of image (default 720)
  -q int, --quality int
                        of jpeg from 1-100 (default 85)
  -y int, --year int    ...to start recording
  -m int, --month int   ...to start recording
  -d int, --day int     ...to start recording
  -hr int, --hour int   ...to start recording
  -min int, --minute int
                        ...to start recording
  -s int, --second int  ...to start recording

So for example, to capture for 12 hours, and end up with a 1 minute long video:

python timelapse.py -ct 12.0 -dur 60

It also supports a delayed start, if you pass in any of the time values.  For example, if you pass in an hour, it will wait for that hour to start recording.   If you pass in a minute, it’ll wait for that minute of the current hour, etc.  You can pass in any of the year, month, day, hour, minute, second, or none.  If none, it starts capturing immediately.

Finally, I’ve learned that if you’re logging in via ssh, you should launch your code via nohup:

nohup python timelapse.py -ct 12.0 -dur 60

If you don’t do that, when you close the remote shell, it’ll kill the process, and no timelapse for you!

Make a movie

After you capture all the stills, how to make into a movie?  The mencoder software can be used on the pi for that.  I found a tutorial here that provides a solution.  To install:

sudo apt-get install mencoder

First make a list of files from your /time-lapse folder (from the above tutorial link):

cd time-lapse
ls *.jpg > stills.txt

Then, to convert them into a movie with mencoder (modified version of the above example):

mencoder -nosound -ovc lavc -lavcopts vcodec=mpeg4:aspect=16/9:vbitrate=8000000 -o tlcam_01.avi -mf type=jpeg:fps=30 mf://@stills.txt

Copy to your PC

This will create a new avi file on the Pi.  To get that moved to your PC, on Mac/Linux you can use scp (below example is my Pi’s IP, change it to match yours).  Note, the below code is executed from your PC, not the Pi, and copies it to my Mac’s home folder:

scp pi@ ~/tlcam_01.avi

Or you can use this great tutorial on how to use SFTP via FileZilla, if you’re more comfortable in a windowed environment.

Once I got my first movie copied over, I couldn’t play it (on my Mac) via the Quicktime player.  However, my install of VLC opened it no problem.  From there it was uploaded to YouTube: Done!

Lost PLA casting: Take 1

I’ve been experimenting with some backyard sand casting, and have had the desire to try and cast a 3d-printed object. I’d heard you can do a “lost PLA” cast, where the molten aluminum vaporizes the printed item, so I thought I’d give it a shot.  Long story short:  Works… sort of.  This is my first try, so I didn’t really know what to expect, but the results were far less than I wanted:  No detail in the object, and not all the PLA totally melted: I printed the object with only 5% infill and 1 shell (to generate as little material as possible).  Regardless, it does make a good conversation piece ;)  In the future I’m going to get better sand (finer grain, better clay binder) to help preserve the detail, and probably try for a real lost-wax solution (3d print a mold for the wax), or a true sand-cast where I remove the item to be printed and simply fill the void with metal.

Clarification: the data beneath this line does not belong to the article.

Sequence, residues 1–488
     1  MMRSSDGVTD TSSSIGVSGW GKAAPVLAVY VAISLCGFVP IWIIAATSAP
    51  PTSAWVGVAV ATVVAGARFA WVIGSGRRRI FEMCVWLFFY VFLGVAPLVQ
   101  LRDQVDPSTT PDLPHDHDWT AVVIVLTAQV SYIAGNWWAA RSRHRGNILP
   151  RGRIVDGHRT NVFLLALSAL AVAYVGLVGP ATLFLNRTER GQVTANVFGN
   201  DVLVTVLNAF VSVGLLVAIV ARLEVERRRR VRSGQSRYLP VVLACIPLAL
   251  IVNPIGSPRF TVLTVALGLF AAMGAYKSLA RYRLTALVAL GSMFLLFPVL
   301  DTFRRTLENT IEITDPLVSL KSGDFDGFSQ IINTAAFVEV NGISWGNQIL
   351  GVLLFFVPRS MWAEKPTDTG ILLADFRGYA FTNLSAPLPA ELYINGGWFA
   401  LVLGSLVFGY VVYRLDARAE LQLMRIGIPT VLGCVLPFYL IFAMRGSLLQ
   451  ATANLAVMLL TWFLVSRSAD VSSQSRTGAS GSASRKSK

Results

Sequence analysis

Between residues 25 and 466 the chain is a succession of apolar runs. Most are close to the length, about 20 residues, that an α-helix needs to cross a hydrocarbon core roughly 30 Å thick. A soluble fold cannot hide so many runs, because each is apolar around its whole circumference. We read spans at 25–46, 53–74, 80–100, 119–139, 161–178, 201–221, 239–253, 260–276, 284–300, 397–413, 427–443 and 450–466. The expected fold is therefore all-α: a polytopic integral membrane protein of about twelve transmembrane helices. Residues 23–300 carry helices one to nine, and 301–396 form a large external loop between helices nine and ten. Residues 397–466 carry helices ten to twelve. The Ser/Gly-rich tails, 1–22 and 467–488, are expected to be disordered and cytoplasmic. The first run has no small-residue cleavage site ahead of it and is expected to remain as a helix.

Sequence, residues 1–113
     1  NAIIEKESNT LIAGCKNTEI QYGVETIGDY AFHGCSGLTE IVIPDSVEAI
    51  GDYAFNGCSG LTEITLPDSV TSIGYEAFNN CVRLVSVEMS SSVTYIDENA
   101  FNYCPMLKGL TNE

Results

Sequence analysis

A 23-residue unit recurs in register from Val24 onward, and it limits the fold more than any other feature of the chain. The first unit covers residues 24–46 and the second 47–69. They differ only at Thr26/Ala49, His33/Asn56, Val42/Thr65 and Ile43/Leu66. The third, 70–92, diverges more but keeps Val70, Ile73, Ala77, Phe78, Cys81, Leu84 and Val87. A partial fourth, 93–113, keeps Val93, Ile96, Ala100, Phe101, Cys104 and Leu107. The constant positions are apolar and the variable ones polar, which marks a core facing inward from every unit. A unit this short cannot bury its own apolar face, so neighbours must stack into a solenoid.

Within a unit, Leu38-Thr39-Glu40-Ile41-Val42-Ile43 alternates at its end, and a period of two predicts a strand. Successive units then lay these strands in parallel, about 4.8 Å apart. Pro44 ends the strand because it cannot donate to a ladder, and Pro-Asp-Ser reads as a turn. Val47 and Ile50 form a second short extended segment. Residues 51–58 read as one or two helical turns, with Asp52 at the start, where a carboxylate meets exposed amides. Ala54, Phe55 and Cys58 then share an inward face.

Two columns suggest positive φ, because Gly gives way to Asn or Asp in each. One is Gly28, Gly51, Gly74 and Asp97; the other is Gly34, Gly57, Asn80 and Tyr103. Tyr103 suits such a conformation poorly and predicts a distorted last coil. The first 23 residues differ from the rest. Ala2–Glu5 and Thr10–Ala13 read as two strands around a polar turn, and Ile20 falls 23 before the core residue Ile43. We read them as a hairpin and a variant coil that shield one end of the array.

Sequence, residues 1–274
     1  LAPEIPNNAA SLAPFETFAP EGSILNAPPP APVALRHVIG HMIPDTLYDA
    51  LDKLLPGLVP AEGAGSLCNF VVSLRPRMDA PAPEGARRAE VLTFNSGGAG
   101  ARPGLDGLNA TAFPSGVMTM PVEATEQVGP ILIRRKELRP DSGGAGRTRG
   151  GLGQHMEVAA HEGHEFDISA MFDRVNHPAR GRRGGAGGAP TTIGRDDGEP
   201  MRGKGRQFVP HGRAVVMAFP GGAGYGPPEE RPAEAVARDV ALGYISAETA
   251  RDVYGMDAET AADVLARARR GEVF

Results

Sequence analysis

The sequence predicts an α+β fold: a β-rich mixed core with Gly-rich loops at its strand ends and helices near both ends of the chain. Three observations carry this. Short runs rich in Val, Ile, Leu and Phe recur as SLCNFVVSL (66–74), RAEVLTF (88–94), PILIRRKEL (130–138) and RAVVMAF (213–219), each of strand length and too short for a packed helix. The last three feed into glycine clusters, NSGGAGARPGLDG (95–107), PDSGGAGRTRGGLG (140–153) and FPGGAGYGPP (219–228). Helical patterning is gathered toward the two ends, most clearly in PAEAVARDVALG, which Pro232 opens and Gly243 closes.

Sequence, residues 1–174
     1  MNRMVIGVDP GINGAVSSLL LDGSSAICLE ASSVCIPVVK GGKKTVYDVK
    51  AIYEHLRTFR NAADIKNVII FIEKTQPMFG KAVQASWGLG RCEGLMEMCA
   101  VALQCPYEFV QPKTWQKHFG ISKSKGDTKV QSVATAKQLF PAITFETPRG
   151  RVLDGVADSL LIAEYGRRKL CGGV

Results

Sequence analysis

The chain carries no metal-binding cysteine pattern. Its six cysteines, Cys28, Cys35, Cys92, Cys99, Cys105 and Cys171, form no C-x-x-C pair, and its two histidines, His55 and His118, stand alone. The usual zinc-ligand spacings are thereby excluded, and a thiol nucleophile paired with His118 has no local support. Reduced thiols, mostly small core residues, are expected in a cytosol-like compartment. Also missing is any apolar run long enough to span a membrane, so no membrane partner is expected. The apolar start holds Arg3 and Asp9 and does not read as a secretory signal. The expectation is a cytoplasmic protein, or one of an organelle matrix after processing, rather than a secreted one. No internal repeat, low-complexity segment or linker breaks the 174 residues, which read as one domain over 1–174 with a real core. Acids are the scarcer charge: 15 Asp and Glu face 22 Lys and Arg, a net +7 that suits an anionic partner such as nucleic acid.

The end result is (an attempt at) the logo for the company I work for, Sledgehammer Games  (a sledgehammer head seemed something worth forging):


A dime is next to it for scale

You can see on the left and right sides where I had to grind off the sprues.

Here’s a shot of my “flowerpot furnace” in action melting the aluminum for the project:

And one with the top removed, showing the red-hot crucible:

First steps with the Adafruit Trinket

I recently picked up a Adafruit Trinket (3.3v), simply because they’re so cheap (about $8).  I like the idea of a tiny small Arduino-ish board.  Since I’m forgetful, below documents the overall process I got to get it working.

End result:  Franken-servo!

End result: Franken-servo!

Resource Links:

First Steps:

For all the documentation on the web, I really wasn’t sure where to start.  There’s all this talk of installing AVRDUDE, etc, but as it turns out it’s really not needed (if using the Arduino IDE). Here’s the streamline approach I finally took:

  • Setup my pre-existing Arduino IDE for use with the Trinket, following these Adafruit docs.
  • Since I’m on a Mac, I didn’t have to worry about installing any drivers, but the “Mac Arduino IDE” app download they provided didn’t work.  Mac said it was “corrupted”.  So instead I had to use the “Slow Way” example they gave.  And other than a few path differences it worked just fine.


  • I was able to successfully run all their examples from the page “Programming with Arduino IDE“.
  • Earlier in the day I had done some servo programming on an Arduino, and I wanted to emulate it on the Trinket.  Thanks to the “Trinket Servo Control” tutorial, and their “Adafruit SoftServo” library, I was able to make it happen.  However, I was unable to create two separate servo objects:  I think I don’t quite grasp the Trinket pinouts.  The above image has two servo’s hooked up to the same pin, so they move the exact same way.

So a successfully first attempt.  Next up, I really need some batteries to make a standalone project with it…